How This CEO Learned to Let Go
“We no longer want to work with you.” I once had to say this to a well-known multinational technology company. Our team at Aha! had met with them eight times and they were still asking for an additional (free!) six-month product evaluation. The value exchange simply was not there. So, it was time to kindly say goodbye.
And yes, it was also a painful goodbye. Aha! was relatively young at the time and we were in seemingly no position to say “no” to that kind of business. But I knew that we wanted to build a company that would have the confidence to honor reality. This experience taught me an invaluable lesson.
If you want to build something lasting, you have to be willing to let go.
Letting go is about understanding that there is an opportunity cost for everything you work on. It is about valuing your own time and the time of the company. This gives you a powerful freedom to focus on what creates the most value. You are able to work with customers who respect you as you respect them.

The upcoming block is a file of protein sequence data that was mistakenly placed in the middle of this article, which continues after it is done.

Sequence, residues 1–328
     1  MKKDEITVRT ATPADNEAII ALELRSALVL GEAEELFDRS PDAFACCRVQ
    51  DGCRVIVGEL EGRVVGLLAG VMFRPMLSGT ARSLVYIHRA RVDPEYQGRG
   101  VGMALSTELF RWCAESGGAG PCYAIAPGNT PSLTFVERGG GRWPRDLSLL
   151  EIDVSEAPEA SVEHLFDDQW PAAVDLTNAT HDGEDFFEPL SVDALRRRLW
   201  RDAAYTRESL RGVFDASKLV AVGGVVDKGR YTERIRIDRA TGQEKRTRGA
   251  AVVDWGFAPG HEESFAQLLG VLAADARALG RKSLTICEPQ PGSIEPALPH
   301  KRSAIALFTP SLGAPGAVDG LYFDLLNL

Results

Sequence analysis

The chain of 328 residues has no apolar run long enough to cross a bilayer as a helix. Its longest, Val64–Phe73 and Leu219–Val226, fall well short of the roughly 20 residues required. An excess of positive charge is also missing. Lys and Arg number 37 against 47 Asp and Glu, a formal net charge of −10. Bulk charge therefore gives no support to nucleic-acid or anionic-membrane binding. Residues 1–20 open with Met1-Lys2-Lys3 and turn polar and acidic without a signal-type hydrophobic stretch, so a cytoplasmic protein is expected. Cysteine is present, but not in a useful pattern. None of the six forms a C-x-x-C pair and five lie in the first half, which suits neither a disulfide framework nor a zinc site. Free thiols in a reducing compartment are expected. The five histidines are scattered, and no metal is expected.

Of course, there is something even harder than letting go of a customer or business opportunity — letting go of a teammate. Those decisions are not just painful, they can be downright heartbreaking.
But when someone is not able to deliver what the company requires — even when the goals are exceptionally clear and extensive training and feedback has been provided — the kindest thing you can do is let them go. It allows them to move on to someplace where they will be at their best. And likely happier than they were working with you.
Over the years, I have had to say a few tough goodbyes — both to customers and teammates.
And each experience has broadened the way I think about tough situations where a separation might be needed. The conversations are never easy. I would like to say that I learned a way to let go more easily, but that would be untrue.
I can tell you this: I have learned that goodbyes go best when you level with the person quickly and with dignity. You are transparent about the reasons behind your decision. And you are considerate with your word choice, kind in your delivery.
Letting go is not about a lack of caring. It is the opposite of that — you want the best for both parties.
So, care for your customers and your team well. Sometimes that means no longer working together. Acknowledge that not everyone can be a match. Let go when it happens.
It will not be easy — but the pain will be temporary. In the end you, you will move everyone forward to more fulfilling work and happiness.
How do you know when it is time to let go at work?